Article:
It is on the Yahoo Feed now, it was posted on April 22 on Yahoo Finance and this article was syndicated on April 21, so there was a one day lag for some reason. I agree that lower development costs will boost margins, I just question how long this game will stay relevant as 5 million Xbox One consoles have been sold and 7 millions PS4 consoles have been sold, and as next-gen console sales rise, in my opinion (I am a very active gamer myself) gamers would prefer to by games that have better graphics, more realistic physic engines, and run on next-gen consoles that support a better overall gaming experience due to significantly better hardware and 300,000 dedicated servers to improve connection speeds. So Borderlands:The Pre-Sequel could sell well initially, but I think that the games life cycle will be short lived and could curb DLC sales in the future or cause the franchise to lose relevance as gamers slowly switch to the PS4 and Xbox One. Maybe it won't, or maybe PC sales could help make up for the short life cycle, but overall I question this approach as it seems more short term and could significantly hamper this franchise. I'm not saying I'm bearish on Take-Two, I just think this could hurt the Borderlands franchise in the long run and could potentially kill the franchise in the long term. Evolve on the other hand is definitely a game you guys should check out, and I provided a link at the bottom so you can check out Evolve. Civilization could also offer plenty of upside, but we will have to wait and see. Grand Theft Auto 5 DLC's have plenty of potential as well and offer high digital margins, but I wouldn't invest in this company because of the new iteration of Borderlands or GTA V DLC's, because beyond the potential short term gain Take-Two could reap, these titles have a limit on how long they will get gamers interested. I prefer to take a longer term approach to investing and think short term moves like this don't provide stable value creation. DLC's are always a smart move, but now it's time to focus on devetloping games for the long term on the next-gen consoles. And on a side note, who is Talum? My name is Callum Turcan, you can see it at the top of the page, but if you were referring to someone else or made a typo I can understand that, just next time use @Callum or @Turcan if you want me to respond back so I know who you are talking to. As far as good titles go, Watchdogs comes up in May and June will see several other intriguing games come out. We can agree to disagree, and it will be interesting how this all plays out and I'll right more video game articles in the future to see how everything goes down. Appreciate the comments, regardless if you agree or disagree me with because you all made valid points.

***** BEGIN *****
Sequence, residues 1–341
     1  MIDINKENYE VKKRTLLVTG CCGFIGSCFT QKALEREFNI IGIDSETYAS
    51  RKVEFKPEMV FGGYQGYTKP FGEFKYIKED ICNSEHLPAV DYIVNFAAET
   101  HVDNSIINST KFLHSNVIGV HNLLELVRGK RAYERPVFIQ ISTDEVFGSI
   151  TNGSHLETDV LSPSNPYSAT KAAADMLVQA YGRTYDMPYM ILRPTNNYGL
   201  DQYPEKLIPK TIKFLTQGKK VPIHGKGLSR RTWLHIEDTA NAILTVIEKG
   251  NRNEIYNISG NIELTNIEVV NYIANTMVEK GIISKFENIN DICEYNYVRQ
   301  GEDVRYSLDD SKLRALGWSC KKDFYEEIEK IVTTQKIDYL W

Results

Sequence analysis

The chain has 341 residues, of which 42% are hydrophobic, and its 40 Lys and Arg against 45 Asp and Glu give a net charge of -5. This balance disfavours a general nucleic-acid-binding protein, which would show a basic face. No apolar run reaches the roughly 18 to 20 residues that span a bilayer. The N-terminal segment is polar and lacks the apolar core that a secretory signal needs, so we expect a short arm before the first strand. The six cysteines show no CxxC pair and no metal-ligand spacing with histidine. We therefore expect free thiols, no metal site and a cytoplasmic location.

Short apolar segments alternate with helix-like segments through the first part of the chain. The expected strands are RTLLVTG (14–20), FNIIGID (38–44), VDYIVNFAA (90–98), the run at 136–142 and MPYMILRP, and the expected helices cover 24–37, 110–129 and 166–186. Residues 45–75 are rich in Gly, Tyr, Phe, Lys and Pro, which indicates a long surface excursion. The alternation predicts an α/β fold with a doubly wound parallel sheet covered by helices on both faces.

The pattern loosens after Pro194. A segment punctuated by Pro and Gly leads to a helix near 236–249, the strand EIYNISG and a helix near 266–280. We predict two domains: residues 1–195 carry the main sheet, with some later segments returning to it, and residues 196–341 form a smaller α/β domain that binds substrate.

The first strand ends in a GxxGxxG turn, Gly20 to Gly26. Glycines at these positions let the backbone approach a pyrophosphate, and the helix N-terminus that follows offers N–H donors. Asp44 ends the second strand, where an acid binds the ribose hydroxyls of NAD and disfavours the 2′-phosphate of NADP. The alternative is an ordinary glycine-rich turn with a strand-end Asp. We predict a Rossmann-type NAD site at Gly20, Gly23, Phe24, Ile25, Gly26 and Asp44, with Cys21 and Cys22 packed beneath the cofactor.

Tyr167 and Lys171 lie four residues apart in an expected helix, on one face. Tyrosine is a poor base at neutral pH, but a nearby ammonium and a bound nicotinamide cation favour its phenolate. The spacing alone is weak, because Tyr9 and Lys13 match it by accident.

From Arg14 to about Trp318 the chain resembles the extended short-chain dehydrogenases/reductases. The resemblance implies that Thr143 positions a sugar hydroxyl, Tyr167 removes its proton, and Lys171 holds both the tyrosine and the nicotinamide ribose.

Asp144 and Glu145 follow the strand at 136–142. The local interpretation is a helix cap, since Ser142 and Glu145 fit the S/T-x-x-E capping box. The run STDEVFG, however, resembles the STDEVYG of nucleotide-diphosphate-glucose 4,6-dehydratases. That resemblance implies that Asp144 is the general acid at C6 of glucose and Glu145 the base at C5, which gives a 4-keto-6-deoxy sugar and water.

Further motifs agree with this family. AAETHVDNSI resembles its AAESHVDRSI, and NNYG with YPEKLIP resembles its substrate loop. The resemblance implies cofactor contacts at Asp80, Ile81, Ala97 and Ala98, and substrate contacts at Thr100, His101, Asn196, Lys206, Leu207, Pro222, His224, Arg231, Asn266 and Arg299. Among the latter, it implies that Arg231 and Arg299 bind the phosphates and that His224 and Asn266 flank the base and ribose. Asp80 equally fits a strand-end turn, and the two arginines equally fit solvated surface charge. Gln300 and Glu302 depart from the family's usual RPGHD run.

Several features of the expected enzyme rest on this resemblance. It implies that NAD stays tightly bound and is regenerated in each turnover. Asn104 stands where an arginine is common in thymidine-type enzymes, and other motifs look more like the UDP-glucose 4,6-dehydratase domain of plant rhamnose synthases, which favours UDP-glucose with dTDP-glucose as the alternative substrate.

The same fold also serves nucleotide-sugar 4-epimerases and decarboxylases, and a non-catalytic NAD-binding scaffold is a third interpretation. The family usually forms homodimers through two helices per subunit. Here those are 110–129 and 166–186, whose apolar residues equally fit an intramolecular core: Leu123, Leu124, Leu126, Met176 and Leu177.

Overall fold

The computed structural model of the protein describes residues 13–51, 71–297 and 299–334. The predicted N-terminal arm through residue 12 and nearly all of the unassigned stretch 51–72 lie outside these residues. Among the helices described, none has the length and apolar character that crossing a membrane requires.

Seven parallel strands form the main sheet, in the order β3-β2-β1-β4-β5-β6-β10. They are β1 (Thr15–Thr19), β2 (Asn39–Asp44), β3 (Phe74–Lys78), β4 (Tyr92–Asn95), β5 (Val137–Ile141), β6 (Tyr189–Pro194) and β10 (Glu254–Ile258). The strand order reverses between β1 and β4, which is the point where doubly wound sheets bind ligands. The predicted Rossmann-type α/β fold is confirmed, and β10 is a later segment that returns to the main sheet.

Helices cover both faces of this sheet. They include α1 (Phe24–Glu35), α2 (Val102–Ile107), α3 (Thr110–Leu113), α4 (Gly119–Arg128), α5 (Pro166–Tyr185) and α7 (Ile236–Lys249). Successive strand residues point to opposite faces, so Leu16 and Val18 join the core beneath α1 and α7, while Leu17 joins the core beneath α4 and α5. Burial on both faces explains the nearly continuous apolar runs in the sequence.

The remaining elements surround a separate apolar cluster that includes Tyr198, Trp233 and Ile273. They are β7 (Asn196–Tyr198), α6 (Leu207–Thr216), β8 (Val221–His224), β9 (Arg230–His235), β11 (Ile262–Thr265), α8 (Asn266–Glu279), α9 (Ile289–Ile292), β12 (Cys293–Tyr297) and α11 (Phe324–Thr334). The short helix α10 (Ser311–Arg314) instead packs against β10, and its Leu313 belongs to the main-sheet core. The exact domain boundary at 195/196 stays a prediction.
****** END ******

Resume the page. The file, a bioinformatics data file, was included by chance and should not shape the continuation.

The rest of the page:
• Report this Comment On April 24, 2014, at 1:49 PM, nenhob wrote: